Written by: Lisa Juris
Last Updated: Dec 29, 2020

There’s a mnemonic that I heard for the first time when I was in rehab – H.A.L.T. – which stands for Hungry, Angry, Lonely, and Tired.  Like the most recent Snicker’s bar ad campaign claims, we are not ourselves when we’re hungry (or angry, lonely and tired).  And when we’re not able to summon our best selves, mistakes are made, words end up in the universe that we can’t take back, and our judgment is severely compromised.  In other words, we can be real a-holes when we are any of those things.  Lord have mercy if we’re juggling all of them at the same time.  But it happens.  I’ve flopped on the couch after a stressful day, bone tired and starving, pissed off over something stupid and realize there’s no one around to vent to.  It’s the perfect setup for thinking about a drink.  When I’m cranky, I tend to want to drink at things to make them go away instead of choosing a healthy remedy to the problem.  I’m after the quickest way from point A to point B, from feeling like I want to launch a hand grenade to feeling peace, and when I’m in that space, it feels overwhelming to take the time to break it down and make good choices.  I want oblivion.

Self-care is a must in recovery.  I used to equate that term with long, luxurious days at the spa and sleeping ‘till noon and for that reason, it evoked feelings of selfishness and a lot of wasted time.  Now I make self-care a priority, because it’s the most important ingredient in my sobriety smoothie.  It means making an effort to ensure that this body I drag around with me all day has what it needs to keep my crazy head in check.  I’m not always consistent and I still get myself in a pickle on occasion, but now I try to notice how I feel, decide if it’s how I want to feel, and if it isn’t, I do something appropriate to change it.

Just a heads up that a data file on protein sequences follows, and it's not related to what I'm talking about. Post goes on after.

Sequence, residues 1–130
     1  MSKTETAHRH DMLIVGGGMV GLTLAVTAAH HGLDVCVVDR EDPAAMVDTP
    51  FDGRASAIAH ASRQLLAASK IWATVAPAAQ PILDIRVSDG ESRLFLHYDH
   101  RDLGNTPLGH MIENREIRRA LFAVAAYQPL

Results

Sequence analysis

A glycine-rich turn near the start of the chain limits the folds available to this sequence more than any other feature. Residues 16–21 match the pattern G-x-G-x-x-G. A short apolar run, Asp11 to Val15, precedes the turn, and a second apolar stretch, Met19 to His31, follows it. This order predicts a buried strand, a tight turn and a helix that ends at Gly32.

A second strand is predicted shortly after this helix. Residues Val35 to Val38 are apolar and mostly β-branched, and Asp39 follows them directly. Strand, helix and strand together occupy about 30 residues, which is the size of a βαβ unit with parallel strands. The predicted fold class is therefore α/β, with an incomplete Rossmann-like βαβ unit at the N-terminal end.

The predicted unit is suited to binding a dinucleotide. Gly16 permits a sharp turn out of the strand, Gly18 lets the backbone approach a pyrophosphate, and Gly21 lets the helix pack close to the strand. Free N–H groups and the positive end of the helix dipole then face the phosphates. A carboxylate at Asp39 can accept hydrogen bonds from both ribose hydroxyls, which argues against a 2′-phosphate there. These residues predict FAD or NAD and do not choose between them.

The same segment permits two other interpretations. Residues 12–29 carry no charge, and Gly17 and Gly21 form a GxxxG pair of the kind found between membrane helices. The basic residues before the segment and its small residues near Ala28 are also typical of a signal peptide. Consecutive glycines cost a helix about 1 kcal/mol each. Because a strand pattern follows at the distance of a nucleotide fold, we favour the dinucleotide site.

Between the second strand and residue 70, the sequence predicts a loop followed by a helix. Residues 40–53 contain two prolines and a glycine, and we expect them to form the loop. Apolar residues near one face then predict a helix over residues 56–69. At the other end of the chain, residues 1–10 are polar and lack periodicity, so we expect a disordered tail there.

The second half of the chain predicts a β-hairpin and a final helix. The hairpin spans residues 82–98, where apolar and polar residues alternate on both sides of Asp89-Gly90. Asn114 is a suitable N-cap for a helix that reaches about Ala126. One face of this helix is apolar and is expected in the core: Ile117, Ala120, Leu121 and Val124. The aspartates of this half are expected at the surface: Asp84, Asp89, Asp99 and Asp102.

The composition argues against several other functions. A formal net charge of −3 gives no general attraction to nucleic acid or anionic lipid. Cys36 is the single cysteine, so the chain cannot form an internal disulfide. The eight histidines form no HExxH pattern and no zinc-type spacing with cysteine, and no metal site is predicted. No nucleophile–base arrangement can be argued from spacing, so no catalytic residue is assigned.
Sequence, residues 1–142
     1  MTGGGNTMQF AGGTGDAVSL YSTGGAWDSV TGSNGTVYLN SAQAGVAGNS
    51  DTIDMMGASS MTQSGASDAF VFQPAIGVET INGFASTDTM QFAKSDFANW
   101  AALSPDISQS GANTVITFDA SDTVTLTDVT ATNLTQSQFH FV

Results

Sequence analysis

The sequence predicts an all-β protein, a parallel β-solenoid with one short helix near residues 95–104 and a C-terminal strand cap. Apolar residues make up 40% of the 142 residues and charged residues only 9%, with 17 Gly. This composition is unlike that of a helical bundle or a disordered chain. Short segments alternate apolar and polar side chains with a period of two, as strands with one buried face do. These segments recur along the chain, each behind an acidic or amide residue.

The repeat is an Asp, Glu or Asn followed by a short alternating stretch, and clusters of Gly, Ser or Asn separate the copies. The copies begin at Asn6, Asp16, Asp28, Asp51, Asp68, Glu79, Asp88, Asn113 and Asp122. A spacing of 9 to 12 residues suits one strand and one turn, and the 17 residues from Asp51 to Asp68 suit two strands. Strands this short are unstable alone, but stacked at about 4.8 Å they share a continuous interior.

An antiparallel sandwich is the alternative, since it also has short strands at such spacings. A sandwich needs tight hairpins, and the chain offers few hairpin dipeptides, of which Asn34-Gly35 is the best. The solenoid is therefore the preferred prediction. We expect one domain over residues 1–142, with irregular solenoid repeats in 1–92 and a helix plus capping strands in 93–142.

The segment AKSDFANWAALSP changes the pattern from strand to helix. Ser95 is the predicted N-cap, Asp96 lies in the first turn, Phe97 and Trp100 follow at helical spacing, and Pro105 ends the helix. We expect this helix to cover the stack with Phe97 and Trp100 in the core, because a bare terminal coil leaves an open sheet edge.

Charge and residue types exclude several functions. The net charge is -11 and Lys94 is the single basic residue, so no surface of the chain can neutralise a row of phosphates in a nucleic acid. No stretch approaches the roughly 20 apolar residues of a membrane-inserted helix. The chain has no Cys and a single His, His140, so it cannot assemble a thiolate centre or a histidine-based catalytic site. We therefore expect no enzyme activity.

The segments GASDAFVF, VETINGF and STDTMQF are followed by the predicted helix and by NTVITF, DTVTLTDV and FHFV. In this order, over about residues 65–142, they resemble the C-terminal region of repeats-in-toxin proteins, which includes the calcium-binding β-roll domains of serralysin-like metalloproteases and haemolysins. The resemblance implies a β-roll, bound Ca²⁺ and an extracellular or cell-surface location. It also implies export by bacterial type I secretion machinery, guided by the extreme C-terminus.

Hunger is probably the easiest thing on the list to fix, but believe it or not, it takes effort and planning to ensure you don’t end up in a blood sugar-induced rage. I use the phrase “My God, eat a banana!” in my house a lot because my 20-year-old daughter will wait until she’s hangry before she remembers that eating is a basic survival skill that keeps both her body and brain nourished.  I’ve been guilty of the same transgression on occasion, and I know in those moments I’m not thinking straight.  Nor does my brain function at its optimal capacity when I bombard it with garbage instead of nutrients.  Because addicts tend to hail from the “land of the quick fix,” we are routinely underprepared and turn to drive thru tacos and sour patch kids to soothe the beast.  Many of us have months, years, and even decades of poor health to reverse in recovery, so proper nutrition is key to getting our gray matter back.  We’ve abused our bodies for so long with unhealthy substances, that healthy eating might not feel like a priority, but at the very least, I urge you to keep some nourishing snacks handy for those times you’re about to do a rousing impression of Cookie Monster at a supermarket Girl Scout Cookie stand.